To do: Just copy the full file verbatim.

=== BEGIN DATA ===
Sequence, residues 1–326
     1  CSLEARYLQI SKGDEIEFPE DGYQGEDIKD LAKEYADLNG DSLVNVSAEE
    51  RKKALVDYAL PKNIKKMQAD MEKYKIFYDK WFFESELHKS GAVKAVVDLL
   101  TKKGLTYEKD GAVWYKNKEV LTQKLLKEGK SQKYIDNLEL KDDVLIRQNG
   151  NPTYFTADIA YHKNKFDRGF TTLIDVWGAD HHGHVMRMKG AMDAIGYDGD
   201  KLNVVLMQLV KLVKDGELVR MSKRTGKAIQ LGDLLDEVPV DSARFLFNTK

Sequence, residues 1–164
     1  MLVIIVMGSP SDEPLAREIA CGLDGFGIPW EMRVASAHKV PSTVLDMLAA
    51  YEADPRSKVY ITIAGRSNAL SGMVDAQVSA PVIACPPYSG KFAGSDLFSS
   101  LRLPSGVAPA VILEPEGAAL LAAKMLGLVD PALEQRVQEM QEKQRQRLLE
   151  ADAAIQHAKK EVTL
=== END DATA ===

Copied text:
Sequence, residues 1–326
     1  CSLEARYLQI SKGDEIEFPE DGYQGEDIKD LAKEYADLNG DSLVNVSAEE
    51  RKKALVDYAL PKNIKKMQAD MEKYKIFYDK WFFESELHKS GAVKAVVDLL
   101  TKKGLTYEKD GAVWYKNKEV LTQKLLKEGK SQKYIDNLEL KDDVLIRQNG
   151  NPTYFTADIA YHKNKFDRGF TTLIDVWGAD HHGHVMRMKG AMDAIGYDGD
   201  KLNVVLMQLV KLVKDGELVR MSKRTGKAIQ LGDLLDEVPV DSARFLFNTK

Sequence, residues 1–164
     1  MLVIIVMGSP SDEPLAREIA CGLDGFGIPW EMRVASAHKV PSTVLDMLAA
    51  YEADPRSKVY ITIAGRSNAL SGMVDAQVSA PVIACPPYSG KFAGSDLFSS
   101  LRLPSGVAPA VILEPEGAAL LAAKMLGLVD PALEQRVQEM QEKQRQRLLE
   151  ADAAIQHAKK EVTL